Who were you? A first-generation American with his Mexican mother.
Where were you? At customs in JFK.
Was it crowded? Is it ever empty?
Where were you coming from? Mexico City. A trip for my mother to visit family across the border. A trip so I, at thirty, could finally see the capital of my mother’s homeland, the one I only witnessed in her telenovelas, through her childhood stories. An ancient city. A baroque city. A city of skyscrapers on a parched lakebed in the shadow of two volcanoes’ paramour.
What did you see? Everything. Myself. In my cousins’ embrace. In the marble floors of colonial houses and the green waters of Xochimilco. In my mother’s eyes that saw things in black and white photo albums that I could not. That even in my halfness I am a whole person.
Were you ready to come back? Yes and no. I was glad to land in New York, to return to where I became myself. Mexico felt—feels—like a dream. And winding our way through the airport was like a gradual rise to wakefulness.
What happened? It was our turn to prove we deserved to come home.
Where is home? My ancestors would tell you anywhere on this continent.
What did the agent say? “Documents.” In a flat voice. Stripped of greeting or even “please.”
What did he do? He scowled at my mother’s green card.
Why? Because it was a rare one, permanent, issued to only thirty thousand immigrants in 1980 when she married my father. Yes, a citizen.
Did your mother explain? Of course.
Did the agent believe her? Of course not.
What did he say next? He threatened to take my mother behind closed doors to see if she is who she says she is.
What did you do? What could I have done that would not have escalated the situation?
How did you feel? My face reddened. My knuckles whitened around the strap of my bag as I witnessed what I feared might happen though never thought would. I wondered how my mother could remain so calm, maintain a steady gaze of hope, or understanding, speak with a smile as if embarrassed, a smile that said, “I’m so sorry to be so much trouble.” But then I realized that for her this was not the first time.
What happened next? He let us go.
Just like that? No. He hesitated, as if waiting for a confession. Then, with a sneer, he slammed the stamp on our passports like he was crushing insects. He dismissed us with a wave, looked away as if we never existed and slouched waiting for the next traveler.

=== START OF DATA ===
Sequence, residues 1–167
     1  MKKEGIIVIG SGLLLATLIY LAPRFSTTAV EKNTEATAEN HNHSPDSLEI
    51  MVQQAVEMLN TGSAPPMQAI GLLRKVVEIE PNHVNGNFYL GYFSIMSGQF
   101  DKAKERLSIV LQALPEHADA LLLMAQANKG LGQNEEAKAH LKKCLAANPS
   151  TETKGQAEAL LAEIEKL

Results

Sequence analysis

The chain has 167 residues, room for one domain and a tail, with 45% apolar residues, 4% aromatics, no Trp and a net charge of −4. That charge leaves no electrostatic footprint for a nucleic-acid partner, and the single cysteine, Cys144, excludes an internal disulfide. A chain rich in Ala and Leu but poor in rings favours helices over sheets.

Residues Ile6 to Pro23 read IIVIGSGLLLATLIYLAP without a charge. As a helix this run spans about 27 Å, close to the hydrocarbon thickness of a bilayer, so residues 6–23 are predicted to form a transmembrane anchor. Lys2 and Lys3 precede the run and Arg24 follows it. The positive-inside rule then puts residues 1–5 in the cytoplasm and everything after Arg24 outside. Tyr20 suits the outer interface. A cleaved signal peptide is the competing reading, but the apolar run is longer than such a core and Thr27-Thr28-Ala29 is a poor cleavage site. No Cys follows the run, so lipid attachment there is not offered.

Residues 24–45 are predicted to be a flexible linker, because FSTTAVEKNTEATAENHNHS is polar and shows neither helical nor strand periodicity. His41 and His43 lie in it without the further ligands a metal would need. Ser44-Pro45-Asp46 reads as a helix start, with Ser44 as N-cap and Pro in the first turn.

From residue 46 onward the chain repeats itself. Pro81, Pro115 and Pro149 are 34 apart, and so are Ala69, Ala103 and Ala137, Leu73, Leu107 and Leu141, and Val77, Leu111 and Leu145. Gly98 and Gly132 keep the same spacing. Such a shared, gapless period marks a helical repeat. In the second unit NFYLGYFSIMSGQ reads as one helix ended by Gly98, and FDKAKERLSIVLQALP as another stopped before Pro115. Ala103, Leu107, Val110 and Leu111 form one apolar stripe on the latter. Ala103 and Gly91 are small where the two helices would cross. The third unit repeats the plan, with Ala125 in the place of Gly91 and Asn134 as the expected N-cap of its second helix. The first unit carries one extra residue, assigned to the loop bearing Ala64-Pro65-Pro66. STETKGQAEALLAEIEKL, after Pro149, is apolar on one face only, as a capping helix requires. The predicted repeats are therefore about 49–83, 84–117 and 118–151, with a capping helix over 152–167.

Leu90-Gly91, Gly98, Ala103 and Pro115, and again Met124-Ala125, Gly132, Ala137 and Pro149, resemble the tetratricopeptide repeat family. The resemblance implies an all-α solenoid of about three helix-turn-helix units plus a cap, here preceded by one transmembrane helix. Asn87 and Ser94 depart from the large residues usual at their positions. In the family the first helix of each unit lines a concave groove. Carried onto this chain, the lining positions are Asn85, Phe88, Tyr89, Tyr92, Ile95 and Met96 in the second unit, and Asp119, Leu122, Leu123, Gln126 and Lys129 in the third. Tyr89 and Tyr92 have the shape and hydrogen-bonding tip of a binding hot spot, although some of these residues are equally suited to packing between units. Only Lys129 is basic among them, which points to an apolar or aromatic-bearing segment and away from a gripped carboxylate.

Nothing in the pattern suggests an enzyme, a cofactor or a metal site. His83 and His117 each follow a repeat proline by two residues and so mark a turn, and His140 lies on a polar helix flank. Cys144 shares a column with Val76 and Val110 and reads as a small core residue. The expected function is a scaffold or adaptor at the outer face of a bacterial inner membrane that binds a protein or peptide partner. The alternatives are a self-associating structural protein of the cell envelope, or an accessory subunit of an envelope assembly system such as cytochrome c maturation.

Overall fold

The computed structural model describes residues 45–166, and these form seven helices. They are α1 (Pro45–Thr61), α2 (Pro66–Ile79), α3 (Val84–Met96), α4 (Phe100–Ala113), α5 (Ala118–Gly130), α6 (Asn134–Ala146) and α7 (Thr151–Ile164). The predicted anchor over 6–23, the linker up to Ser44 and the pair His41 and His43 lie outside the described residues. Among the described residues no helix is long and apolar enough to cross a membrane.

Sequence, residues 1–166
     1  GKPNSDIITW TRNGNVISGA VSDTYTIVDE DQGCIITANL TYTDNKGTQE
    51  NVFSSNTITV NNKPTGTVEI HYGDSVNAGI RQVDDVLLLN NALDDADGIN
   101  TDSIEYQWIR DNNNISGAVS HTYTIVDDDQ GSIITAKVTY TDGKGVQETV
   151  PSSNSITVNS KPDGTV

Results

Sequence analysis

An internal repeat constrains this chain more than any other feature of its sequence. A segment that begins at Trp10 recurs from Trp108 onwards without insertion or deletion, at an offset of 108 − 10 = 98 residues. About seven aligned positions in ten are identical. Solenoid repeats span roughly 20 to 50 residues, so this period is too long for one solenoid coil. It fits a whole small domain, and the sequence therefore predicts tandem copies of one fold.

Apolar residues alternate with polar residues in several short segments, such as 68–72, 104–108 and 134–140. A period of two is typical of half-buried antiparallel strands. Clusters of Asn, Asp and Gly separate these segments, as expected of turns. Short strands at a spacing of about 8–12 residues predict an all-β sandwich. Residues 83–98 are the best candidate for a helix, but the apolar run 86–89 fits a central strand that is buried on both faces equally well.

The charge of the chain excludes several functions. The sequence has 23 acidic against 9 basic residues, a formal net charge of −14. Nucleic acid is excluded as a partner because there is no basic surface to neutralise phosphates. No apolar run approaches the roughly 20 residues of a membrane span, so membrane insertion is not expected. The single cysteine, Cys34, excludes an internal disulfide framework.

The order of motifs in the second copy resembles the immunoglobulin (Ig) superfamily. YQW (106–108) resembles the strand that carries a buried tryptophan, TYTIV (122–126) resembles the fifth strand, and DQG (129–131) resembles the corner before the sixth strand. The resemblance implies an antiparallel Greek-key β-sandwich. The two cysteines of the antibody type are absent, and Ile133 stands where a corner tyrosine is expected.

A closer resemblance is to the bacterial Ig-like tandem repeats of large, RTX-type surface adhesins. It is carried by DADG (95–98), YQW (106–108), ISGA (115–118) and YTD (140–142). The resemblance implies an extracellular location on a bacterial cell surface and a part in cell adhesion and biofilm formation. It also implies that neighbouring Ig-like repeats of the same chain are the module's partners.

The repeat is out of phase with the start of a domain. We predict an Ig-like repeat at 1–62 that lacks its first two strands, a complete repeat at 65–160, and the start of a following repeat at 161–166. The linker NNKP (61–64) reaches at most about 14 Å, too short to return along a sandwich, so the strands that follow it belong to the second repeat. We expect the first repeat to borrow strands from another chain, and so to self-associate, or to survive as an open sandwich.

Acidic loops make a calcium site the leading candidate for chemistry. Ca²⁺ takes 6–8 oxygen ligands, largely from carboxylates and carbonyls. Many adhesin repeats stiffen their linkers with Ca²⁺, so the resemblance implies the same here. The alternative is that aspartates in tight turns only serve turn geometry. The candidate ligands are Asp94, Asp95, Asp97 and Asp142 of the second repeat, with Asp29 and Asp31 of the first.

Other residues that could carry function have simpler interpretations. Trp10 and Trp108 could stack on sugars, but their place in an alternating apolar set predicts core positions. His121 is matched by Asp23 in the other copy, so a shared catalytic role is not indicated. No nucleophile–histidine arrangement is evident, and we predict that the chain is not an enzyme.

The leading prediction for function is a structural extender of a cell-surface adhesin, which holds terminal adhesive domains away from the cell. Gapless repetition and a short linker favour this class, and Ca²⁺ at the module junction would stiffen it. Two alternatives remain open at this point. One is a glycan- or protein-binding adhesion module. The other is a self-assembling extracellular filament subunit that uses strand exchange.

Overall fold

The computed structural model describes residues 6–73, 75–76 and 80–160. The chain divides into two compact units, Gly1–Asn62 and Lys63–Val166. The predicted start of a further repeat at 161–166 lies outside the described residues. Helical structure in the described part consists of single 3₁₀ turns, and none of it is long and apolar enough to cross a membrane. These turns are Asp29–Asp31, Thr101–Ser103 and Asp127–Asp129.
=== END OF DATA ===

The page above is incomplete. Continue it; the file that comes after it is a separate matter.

What do you think changed his mind? Maybe our silence was not the gateway to the showdown he was expecting. Maybe he suddenly realized he raised his voice at a sixty-year-old woman who stands just shy of five feet. Maybe he knew a simple computer check would have shown how wrong he was, that my mother held that card for longer than he was alive.
Why do you think he was hostile? Would a reason justify it? Maybe our differing last names confused him. Maybe our contrasting shades of melanin alarmed him. Maybe for him everyone is a suspect beyond the glass.
Was the agent white? Does it matter? He wore the blue like it was his own skin.
What did you do after? We took our documents. I made sure not to say thank you, though my mother was better than me. We brushed past the welcome sign with its fanged ‘w.’ The taxi ride back was quiet, my mother looking out the window with a stoic face that would not revive what just happened, letting it pass like the cars along the expressway with these-colors-don’t-run bumper stickers which had, indeed, faded. We sighed with relief when my key opened the front door, the same one I’d unlock every day after school. I rolled my carry-on into my childhood bedroom and slumped onto the bed, tired, and not just from the trip. I lay there for a while, weighted with the thought that not everyone is so lucky to walk through their own front door again. My mother called from the kitchen asking if I was hungry and I told her to relax, that I’d order takeout. Over dinner we texted our relatives to let them know we made it, sent that message flying, heedless of barriers.
Eric Odynocki is a teacher and writer from New York. His work is often inspired by his experience as a first-generation American of Mexican, Ukrainian, and Jewish descent. Eric's work has been published in American Poetry Journal, Green Mountains Review, [PANK], Magma Poetry, and others.